What appears to be many moons ago, I did write a book about the history of Dalgarven Mill, and its eventual transformation through the Manpower Services Commission exercise into the really rather nice set of historical buildings that you see today.
Two things have happened recently. The first thing that happened was a visit by a former labourer (we had approximately twenty-eight, more than we really needed, but only because the money spent on their wages had to equal the money spent on the wages of the tradesmen, joiners, plumbers, slaters, historians, reseachers, conservators, whom we employed at the same time!).
In conversation he said ‘were you aware that the first pic of the jobs here went to those youngsters who had been either in prison or borstal?‘ I looked at him in astonishment, and said ‘well that explains quite a few things!‘. The first is that the two young students who had been helping as volunteers for more than a year and who had been given two of the posts at my insistence, had tried to escape the initial meeting until I saw them leaving and said ‘what the hell do you think you are doing, it took a lot of argument to get you this paid work‘. ‘Leave it Rob‘ said one. On my high horse by this time, I assumed because I knew they were of a certain faith they had been verbally abused, so I stormed into the meeting, saying ‘there will be no religious bigotry on this site, I am an Episcopalian and I don’t give a damn about the rest of you’. ‘Rob Rob‘ says one of them, tugging at my sleeve until the three of us had left the hut, ‘it’s nothing to do with religion’ – ‘so what is it?‘ said I. Martin looked carefully in both directions and said ‘they had a roll call, and we are the only two who haven’t been in Barlinnie!‘. It meant nothing really at the time, except it explained maybe to my naive mind that is why they had been unemployed. But as time went on, the leopards were finding it difficult to change their spots…. and almost everything that wasn’t nailed down was prey to their evil intentions. My wife, who shared my innocence at the time, said to me ‘I was driving to Kilwinning today, at the same time as the labourers were leaving, the ones on their bicycles seemed to have bundles of things hanging from their machines, and don’t quite know what they were!‘. I didn’t know either, and questionning only brought denials of any knowledge of what she might have been talking about. However, a few days later, we had a fairly momentous step forwards in that, having queued in a hired lorry with a considerable amount of cash in my hip pocket to secure some wonderful pitch pine beams from a demolition site in Greenock, we were now ready to fit these on site. With some excitement, they were secured from their store, and carried to their position in the restoration. I watched with interest as they were hoisted into position only to discover that having been purchased at the ideal length for the space, they were now considerably shorter than they should have been! The penny didn’t drop instantly, but an inspection of where they had been stored confirmed that the swinging parcels on the back of the bikes were kindling which was being sold in the town, possibly the most expensive kindling ever provided!.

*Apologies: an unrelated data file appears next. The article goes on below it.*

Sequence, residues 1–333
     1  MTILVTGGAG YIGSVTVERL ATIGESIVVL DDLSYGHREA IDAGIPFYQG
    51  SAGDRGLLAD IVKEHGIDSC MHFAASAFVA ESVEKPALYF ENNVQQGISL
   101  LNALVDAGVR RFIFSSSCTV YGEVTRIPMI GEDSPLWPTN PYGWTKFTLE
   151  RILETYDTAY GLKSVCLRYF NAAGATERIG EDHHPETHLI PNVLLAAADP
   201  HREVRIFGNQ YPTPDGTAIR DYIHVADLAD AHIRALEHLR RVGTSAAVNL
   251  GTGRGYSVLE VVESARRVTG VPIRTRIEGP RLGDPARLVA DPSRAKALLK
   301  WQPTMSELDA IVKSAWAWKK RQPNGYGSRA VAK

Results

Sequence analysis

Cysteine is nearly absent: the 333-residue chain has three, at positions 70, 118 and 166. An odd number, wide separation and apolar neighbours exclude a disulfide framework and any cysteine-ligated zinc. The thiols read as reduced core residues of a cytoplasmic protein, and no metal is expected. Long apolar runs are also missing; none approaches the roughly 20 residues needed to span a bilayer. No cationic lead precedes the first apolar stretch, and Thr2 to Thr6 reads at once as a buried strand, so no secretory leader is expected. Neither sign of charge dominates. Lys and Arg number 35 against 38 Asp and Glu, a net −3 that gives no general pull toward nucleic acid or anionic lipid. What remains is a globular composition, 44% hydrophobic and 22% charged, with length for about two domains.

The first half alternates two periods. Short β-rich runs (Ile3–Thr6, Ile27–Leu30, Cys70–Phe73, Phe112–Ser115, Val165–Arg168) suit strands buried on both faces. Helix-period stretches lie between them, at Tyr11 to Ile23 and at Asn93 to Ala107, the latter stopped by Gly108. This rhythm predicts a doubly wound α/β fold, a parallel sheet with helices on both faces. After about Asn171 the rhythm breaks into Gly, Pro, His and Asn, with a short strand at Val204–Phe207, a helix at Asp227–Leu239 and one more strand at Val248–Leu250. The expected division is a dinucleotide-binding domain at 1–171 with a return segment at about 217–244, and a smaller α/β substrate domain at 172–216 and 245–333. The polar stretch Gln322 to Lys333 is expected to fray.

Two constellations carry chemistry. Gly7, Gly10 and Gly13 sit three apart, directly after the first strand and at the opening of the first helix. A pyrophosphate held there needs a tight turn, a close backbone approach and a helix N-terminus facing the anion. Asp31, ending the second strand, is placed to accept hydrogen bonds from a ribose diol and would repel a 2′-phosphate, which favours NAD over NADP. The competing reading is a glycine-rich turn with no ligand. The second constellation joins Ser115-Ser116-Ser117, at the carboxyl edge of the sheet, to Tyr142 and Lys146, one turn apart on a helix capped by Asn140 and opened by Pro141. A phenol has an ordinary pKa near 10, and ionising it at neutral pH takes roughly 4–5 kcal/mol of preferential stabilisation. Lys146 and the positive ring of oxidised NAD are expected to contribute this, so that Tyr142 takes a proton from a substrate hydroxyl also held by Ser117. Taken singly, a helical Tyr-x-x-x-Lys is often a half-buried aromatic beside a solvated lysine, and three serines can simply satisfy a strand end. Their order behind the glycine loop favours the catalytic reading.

However, this and other escapades apart, they did carry out the most incredible programme of work that made the Mill possible, so perhaps we could forgive the tendencies of some!
The second thing occurred a few days ago when someone who now runs a successful business introduced himself to my grandson as one of the 17 year olds who had their life transformed by watching his grandfather work, plan, exhort all and sundry to benefit from and enjoy the project. So, philosopher I am not, but you never really know what effect you are having, as was also demonstrated yesterday when a visitor said ‘excuse me, did you once teach architecture at Strathclyde University?‘. ‘Yes’ I said, ‘well I was once of the students there, not that you ever taught me directly, but I thought you would like to know that despite qualifying, I eventually became a methodist minister which is what I am today, but it’s lovely to meet you!‘
So, as you go about your daily tasks, just remember: somebody is always listening and maybe, just maybe, you could do them some good!